The area of Vancouver’s Downtown Eastside known as Railtown will soon have another destination for diners. The Mackenzie Room, located on the north side of Oppenheimer Park, is poised to welcome guests into their retro-chic casual fine dining restaurant.
The duo behind The Mackenzie Room is husband-and-wife team Andrew and Katie Jameson, who are bringing a multi-layered sense of family to the restaurant and the neighbourhood, and, as timing would have it, their own lives; the couple is expecting twins in September. Named for Andrew’s side of the family (Mackenzie is his grandfather’s last name and his own middle name), The Mackenzie Room joins a short but growing list of dining destinations in a part of the city that is most definitely transitioning.
The Jamesons envision their restaurant becoming part of the community’s fabric, rather than a curiosity that pressures the neighbourhood to change to suit them. “There are thriving businesses in the area,” notes Andrew, listing off neighbours like Cuchillo, Ask For Luigi, and Belgard Kitchen, adding, “we are lucky in a lot of ways in that we aren’t the ones forging the trail.”
The goal is for The Mackenzie Room to slip organically into the community. One way that the Jamesons are letting their passion for the restaurant industry, and The Mackenzie Room, guide them is their goal to operate without pretension, and to offer diners casual elegance, with the emphasis on casual.
The restaurant is small but bright, though the furniture has a distinct retro and raw feel. The couple did much of the manual labour of transforming the rundown former Parke Place Coffee Bar–a diner–into their vision of The Mackenzie Room, literally peeling back years’ worth of walls to expose the cement and brick that ultimately was refinished to be their own walls.
The space “wasn’t frozen in time as much as it was time worn,” observes Andrew, as the restaurateurs chronicle the layers of decay that made the furnishings of the previous tenants unsalvageable. “We’re keeping more of the building’s character,” he adds, “rather than that of the Parke Place.”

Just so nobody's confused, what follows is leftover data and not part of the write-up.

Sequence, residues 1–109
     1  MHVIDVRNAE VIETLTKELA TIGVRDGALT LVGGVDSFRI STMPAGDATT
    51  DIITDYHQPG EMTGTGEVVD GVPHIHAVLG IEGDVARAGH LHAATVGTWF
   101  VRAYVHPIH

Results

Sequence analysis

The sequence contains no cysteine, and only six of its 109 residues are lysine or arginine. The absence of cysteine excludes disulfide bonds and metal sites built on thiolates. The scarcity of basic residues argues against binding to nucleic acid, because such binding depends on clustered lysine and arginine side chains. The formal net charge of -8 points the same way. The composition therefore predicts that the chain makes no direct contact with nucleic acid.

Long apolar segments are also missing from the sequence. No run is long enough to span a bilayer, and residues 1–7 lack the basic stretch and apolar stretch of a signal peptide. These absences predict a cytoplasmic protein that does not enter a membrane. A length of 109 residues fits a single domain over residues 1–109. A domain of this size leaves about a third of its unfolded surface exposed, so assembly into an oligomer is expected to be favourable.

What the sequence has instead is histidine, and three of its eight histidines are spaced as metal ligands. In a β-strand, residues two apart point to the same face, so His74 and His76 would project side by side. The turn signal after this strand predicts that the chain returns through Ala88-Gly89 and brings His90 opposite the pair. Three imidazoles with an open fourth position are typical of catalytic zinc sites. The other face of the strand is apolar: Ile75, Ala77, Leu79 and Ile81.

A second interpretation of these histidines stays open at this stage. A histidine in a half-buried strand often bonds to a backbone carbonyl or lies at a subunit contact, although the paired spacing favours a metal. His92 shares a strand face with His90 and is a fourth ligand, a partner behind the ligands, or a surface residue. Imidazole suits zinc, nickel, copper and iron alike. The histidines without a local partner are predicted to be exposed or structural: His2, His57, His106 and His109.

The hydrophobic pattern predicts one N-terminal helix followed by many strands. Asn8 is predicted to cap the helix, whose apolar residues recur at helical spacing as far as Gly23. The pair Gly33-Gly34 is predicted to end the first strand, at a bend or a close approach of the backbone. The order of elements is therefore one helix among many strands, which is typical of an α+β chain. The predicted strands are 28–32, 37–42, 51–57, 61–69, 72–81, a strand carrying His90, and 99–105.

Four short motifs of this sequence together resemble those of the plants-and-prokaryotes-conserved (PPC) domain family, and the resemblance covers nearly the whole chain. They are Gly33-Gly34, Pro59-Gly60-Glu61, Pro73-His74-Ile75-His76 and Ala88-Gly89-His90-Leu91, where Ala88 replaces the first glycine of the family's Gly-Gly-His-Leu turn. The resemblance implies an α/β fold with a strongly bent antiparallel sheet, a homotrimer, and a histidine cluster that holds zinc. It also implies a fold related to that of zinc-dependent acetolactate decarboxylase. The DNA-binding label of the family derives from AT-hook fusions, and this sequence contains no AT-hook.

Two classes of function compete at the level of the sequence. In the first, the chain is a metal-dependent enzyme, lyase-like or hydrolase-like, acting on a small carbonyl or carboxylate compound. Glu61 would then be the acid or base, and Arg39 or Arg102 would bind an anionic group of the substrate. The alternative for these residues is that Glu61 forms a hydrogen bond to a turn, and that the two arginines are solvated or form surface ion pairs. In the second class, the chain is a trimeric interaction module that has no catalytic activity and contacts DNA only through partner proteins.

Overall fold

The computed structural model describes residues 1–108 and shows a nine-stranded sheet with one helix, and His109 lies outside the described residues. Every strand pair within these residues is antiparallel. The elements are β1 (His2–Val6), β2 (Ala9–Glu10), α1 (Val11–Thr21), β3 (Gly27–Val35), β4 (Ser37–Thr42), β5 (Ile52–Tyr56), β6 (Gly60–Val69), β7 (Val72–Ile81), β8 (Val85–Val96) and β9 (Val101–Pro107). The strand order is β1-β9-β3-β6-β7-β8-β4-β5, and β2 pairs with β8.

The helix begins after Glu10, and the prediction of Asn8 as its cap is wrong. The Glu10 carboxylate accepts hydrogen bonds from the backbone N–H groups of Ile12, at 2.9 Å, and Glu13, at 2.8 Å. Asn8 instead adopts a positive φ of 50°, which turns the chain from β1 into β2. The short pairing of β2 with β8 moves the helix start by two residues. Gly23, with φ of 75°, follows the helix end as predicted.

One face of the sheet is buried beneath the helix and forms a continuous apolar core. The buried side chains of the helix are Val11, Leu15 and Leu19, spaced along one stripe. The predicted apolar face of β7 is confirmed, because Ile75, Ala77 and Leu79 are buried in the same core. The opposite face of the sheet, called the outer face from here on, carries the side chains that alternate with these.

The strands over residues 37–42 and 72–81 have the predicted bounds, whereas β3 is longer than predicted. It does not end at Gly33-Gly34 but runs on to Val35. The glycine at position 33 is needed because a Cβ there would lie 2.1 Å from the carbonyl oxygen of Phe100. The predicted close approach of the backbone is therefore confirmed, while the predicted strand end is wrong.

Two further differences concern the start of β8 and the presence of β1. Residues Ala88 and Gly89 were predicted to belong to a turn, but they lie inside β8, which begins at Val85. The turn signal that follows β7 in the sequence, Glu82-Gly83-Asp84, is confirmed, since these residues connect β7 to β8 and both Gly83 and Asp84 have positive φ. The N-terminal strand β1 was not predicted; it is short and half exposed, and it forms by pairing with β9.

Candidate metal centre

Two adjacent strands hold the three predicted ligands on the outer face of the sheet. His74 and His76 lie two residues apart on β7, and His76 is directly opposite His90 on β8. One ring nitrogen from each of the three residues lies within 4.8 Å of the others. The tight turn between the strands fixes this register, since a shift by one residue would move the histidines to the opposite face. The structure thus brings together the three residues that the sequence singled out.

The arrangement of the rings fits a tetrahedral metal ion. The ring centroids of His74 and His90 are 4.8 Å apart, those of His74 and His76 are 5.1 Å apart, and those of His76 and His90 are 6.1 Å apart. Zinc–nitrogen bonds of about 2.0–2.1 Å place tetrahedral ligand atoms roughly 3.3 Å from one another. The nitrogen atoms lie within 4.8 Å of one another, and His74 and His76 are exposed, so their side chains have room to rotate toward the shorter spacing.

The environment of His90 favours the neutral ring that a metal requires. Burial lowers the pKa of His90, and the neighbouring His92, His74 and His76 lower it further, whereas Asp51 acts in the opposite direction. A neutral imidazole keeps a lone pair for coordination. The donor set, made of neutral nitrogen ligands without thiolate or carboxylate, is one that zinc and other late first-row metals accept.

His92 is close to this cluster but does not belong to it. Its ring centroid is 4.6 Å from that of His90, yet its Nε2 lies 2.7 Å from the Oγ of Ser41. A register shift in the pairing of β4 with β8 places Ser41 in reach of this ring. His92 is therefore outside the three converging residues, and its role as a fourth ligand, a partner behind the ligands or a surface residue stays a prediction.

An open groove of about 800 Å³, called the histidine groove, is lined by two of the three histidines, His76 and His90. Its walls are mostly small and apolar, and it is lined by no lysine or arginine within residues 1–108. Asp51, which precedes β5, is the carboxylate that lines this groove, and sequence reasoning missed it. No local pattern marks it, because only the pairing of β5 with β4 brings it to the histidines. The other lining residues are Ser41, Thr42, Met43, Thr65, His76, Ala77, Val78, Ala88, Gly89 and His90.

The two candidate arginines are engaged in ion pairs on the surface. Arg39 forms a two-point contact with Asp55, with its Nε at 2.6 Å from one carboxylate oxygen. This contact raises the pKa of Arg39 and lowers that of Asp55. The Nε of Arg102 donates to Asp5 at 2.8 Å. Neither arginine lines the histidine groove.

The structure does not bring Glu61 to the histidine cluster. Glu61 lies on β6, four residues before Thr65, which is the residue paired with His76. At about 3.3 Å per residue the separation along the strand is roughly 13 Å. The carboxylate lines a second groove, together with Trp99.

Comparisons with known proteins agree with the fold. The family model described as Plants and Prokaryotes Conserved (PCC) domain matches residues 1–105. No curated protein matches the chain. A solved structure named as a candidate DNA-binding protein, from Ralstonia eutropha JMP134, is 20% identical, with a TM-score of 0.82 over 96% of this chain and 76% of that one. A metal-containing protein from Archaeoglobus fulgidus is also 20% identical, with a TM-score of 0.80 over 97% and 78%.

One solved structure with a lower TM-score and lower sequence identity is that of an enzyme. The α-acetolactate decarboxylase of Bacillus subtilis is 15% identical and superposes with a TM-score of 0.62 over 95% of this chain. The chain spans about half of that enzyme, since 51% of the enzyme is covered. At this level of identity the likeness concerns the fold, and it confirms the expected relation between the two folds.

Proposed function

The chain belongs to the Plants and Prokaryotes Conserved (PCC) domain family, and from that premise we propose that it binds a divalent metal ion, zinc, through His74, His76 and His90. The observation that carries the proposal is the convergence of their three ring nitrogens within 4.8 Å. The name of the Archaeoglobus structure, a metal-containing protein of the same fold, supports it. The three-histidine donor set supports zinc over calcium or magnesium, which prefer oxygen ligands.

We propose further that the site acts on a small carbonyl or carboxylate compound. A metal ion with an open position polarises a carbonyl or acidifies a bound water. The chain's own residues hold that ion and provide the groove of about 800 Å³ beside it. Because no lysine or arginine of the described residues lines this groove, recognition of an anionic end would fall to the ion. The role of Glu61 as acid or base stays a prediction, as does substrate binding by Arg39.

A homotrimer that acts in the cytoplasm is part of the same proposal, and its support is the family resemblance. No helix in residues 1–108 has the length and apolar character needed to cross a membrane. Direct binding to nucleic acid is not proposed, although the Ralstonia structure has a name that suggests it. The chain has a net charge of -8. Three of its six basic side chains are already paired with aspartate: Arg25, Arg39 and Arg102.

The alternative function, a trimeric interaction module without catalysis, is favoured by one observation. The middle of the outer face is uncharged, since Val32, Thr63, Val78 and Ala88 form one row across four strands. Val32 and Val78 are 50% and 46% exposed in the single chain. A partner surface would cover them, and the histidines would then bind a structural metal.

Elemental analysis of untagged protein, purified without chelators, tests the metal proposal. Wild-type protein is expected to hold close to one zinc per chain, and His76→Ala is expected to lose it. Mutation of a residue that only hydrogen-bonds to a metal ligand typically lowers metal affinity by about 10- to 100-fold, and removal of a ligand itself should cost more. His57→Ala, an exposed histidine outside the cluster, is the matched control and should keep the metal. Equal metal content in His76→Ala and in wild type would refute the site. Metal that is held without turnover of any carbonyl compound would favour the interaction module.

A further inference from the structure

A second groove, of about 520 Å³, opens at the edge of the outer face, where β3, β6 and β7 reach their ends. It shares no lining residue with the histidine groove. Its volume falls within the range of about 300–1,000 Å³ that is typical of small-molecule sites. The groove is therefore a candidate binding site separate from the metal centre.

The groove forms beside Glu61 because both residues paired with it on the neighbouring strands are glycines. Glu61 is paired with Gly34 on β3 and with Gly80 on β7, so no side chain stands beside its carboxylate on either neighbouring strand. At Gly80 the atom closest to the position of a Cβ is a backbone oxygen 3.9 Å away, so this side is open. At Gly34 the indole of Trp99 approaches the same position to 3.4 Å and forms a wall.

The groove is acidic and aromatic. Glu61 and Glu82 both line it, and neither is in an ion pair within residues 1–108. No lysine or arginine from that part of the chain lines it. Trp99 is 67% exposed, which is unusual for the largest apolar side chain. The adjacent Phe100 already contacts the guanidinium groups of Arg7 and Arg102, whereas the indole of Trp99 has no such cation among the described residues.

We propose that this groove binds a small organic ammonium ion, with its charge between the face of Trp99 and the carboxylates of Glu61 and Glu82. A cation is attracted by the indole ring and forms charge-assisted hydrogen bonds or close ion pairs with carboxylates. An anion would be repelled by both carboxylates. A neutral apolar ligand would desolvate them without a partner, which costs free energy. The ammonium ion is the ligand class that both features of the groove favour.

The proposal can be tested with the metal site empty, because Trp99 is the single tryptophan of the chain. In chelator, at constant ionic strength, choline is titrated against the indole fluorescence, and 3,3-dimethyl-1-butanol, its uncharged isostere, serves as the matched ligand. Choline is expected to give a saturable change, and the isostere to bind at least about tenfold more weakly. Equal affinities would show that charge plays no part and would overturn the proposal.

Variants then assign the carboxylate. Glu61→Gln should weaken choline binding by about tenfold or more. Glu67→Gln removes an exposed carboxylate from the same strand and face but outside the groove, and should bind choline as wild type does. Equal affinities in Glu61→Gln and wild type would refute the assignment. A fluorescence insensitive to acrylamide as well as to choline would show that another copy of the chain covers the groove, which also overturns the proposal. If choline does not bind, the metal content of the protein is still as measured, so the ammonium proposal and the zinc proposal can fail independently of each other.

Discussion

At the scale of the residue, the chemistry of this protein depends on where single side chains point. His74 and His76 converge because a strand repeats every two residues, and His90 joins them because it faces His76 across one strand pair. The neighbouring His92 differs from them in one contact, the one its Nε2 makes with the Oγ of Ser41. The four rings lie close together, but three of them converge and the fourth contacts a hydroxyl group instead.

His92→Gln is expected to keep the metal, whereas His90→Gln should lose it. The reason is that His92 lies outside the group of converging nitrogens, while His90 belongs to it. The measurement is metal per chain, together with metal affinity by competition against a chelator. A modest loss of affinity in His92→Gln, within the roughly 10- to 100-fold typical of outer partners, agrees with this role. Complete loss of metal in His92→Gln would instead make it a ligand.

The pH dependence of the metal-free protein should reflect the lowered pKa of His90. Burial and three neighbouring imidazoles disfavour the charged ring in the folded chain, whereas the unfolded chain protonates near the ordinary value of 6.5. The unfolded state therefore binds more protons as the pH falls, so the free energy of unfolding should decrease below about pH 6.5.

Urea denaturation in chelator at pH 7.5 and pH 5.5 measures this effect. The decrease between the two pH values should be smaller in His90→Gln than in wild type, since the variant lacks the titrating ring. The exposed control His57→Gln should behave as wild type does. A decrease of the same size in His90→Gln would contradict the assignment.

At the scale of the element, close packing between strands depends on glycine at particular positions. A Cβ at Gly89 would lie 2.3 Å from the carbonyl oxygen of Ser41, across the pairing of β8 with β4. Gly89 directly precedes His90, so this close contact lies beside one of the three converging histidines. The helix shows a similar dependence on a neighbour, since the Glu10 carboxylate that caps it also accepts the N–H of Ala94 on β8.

Some of The Mackenzie Room’s furniture and decor came from their own families, Katie points out. And the beautiful 10-seater wood bar was hand-selected by them from a purveyor’s barn in Abbotsford. Andrew did much of the assembly himself, all while holding down another full-time restaurant job.
Joining the Jamesons to make The Mackenzie Room a reality is chef Sean Reeve, who recently was seen on Food Network’s Chopped Canada taking home the $10,000 prize.
Though the Jamesons and Reeve are all British Columbia natives, the trio got to know each other working in the restaurant industry in Toronto. Reeve, who cites Southern comfort fare and classic French and Mediterranean cuisine as his chief points of reference and expertise, has worked in several high-profile Italian eateries in Vancouver, Toronto, and Montreal, but was ready to head home to B.C. to execute his own food.
At the Mackenzie Room Reeve will preside over an open kitchen with a view of every seat in the house. The plan is to have a chalkboard menu with just a few nightly options based on what is fresh and in season. Diners can expect to find dishes that may take them on a journey of discovery that allows both Reeve to challenge himself culinarily and the eater to explore new tastes. Reeve intends to cook with less-utilized proteins (elk or squab, for example) and use the produce from local farmers.
Reeve says part of his joy as a chef is creating food that firstly evokes a memory for the diner, and secondly that gives them something to think about. However, as the Jamesons see The Mackenzie Room as an approachable, friendly, and welcoming venue, Reeve intends his food to be the edible iteration of that vision.
The Jamesons acknowledge that Vancouver diners are often driven by the concept of value, which is why their menu will allow guests to put together the kind of meal they are most comfortable with in terms of pricing.
Diners can opt to do share plates, individual entrees, or even a more robust tasting menu they expect to be priced at around the $45 mark. Because of the ever-changing nature of their menu, The Mackenzie Room hopes guests opt to return numerous times for the varied dining experiences their menu accords.
Value extends similarly to the drinks menu. There will be about eight to 10 B.C. wines in each of the red and white categories, with per-glass prices in the $9 to $12 range, and selections that allow The Mackenzie Room to spotlight lesser-known labels as well as provide guests with more familiar options. A tight and short cocktail menu will include progressive concoctions that will change out regularly, along with punchbowls for sharing, and beer lovers will find six regional brews on tap.
The Mackenzie Room is set to open July 9, and will begin with dinner service from 5 to 10 p.m. Tuesday through Sunday, likely expanding to include lunch service in the fall.
Address: 415 Powell Street